Get ready for Business Intelligence market next wave of M&A

Boris Evelson

Business intelligence (BI) is a runaway locomotive that keeps picking up speed in terms of enterprise interest, adoption, and spending levels. The result: Forrester now tracks 73(!) vendors in the segment. Their architectures and user interfaces vary, but they support similar use cases. Forrester started the original research with fewer than 30 vendors in 2014 and ended up with 73 in the current 2017 update. Expect this dynamic to continue for the foreseeable future. Even though the BI market is quite mature from the point of view of the number of players and breadth and depth of their functionality, it is still quite immature regarding business and technology maturity, adoption, and penetration levels in user organizations. Vendors will continue to seize this opportunity — new players will keep springing up, and large vendors will continue to acquire them.No market, even a

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Futurology Episode 4: The Future Of The Connected Workplace

Michael Facemire

This post was authored by Claudia Tajima, Researcher at Forrester.

 

On the second part of the forth episode of our Futurology webinar series, Mike Facemire, Julie Ask and James McQuivey convened to discuss the future of the connected workplace. Looking forward, they discussed what change in the workplace will look like and what it will take to get there.

See WEBINAR: Forrester Futurology Episode IV: The Future Of Me (Part 2).

 

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This Valentine’s Day, Pause and Appreciate Flower Logistics...

Phoenix Zhang

Over the past few days, Boston has been slammed by multiple snow storms.  This causes challenges for my pending flight to San Jose, but another deadline looms:  some roses might not be able to make it to Boston on time for Valentine's Day. Only someone deeply concerned with Supply Chain and Logistics worries about delivery time on Valentine’s Day. But perhaps we all should:  it could very easily shape whether you get a kiss or the cold shoulder for Valentine’s Day tomorrow.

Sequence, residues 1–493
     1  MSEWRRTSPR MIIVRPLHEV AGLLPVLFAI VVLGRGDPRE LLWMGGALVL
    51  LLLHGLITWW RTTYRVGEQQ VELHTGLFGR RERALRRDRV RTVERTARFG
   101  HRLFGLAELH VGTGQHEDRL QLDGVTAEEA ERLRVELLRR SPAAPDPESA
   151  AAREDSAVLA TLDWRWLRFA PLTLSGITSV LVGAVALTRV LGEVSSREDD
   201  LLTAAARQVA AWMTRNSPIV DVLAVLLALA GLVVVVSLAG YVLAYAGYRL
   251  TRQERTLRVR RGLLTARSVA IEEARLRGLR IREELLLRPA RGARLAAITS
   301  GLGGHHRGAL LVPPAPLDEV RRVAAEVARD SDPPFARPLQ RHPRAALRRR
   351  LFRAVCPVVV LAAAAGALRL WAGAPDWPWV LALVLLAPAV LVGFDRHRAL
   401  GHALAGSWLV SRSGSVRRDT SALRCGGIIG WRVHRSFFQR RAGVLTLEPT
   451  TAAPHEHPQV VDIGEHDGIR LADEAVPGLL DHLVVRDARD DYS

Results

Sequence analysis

According to IPSOS floral tracking study, cut, fresh flowers take center stage for three holidays:  Christmas, Mother's Day and Valentine's Day[i].  The US imported 976 million cut flower stems in advance of Valentine’s Day last year, between January 1 and February 14.[ii] You might guess these flowers are from the Netherlands. However, the Netherlands supplied only 2% of all imported volume. Seventy-one percent of Valentine's Day flowers came from Colombia alone and 19% from Ecuador. 

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Top Trends For CRM In 2017 - It's All About Differentiated (Digital) Experiences

Kate Leggett

We’re firmly in the age of the customer, where customers - not executives - decide how customer-centric their companies are. And while good customer experiences can help control costs, executives are more interested in their potential to fuel sustainable top-line growth.

Forrester defines CRM as:

The business processes and supporting technologies that support the key activities of targeting, acquiring, retaining, understanding, and collaborating with customers.

CRM is the foundational building block of a company's customer experience strategy to win, serve, and retain customers. It enables new business strategies, integrates to many technologies and is constantly rejuvenated by new trends. Here are 4 of the 10 trends that we see in CRM in 2017.

Customers want to easily connect with, interact with, make purchases from, or get service from a company.  For example, 72% of customers say that valuing their time is the most important thing that a company can do to provide them with good service. Companies must offer customers ways to easily engage with them to foster an ongoing omnichannel dialogue and relationship that strengthen loyalty and retention. And they will reap the rewards: Omnichannel customers are more active, spend more, and are less expensive to support than single-channel customers.

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Forrester’s First CPQ Wave Addresses The Tech Needs Of The Empowered Buyer

John Bruno

If you’re in a B2B environment, you’ve undoubtedly noticed the changing behaviors of your customers in recent years. As a result, technologies have shifted their focus to get closer to the customer and I'm not talking about just CRM or SFA. With a flurry of acquisitions and new entrants to the CPQ market popping up regularly, we decided to tighten the aperture and evaluate the top 11 CPQ vendors in The Forrester Wave™: Configure-Price-Quote Solutions, Q1 2017. These vendors do the most to address the rising, empowered B2B buyer. Below are some of the key findings from the report:

  • Customer and buyer experiences become a priority. CPQ is not about engineers. It’s not even about sellers anymore. CPQ is about the customer, and in this case that means both the end buyer of your products and the customers of your technology (indirect channels selling on your behalf) expect easy and effective interactions. CPQ is now a key enabler to delivering a high quality customer experience.

  • CPQ has no channel limitations. CPQ is not, I repeat, is not a back office solution anymore. It’s long addressed the needs of front line sales reps, and now it extends its functionality to all available channels. This means companies can extend the same business rules and logic to indirect channels (i.e. partners, dealers, distributors, etc.), customer service reps, eCommerce sites, and even emerging channels like IoT devices.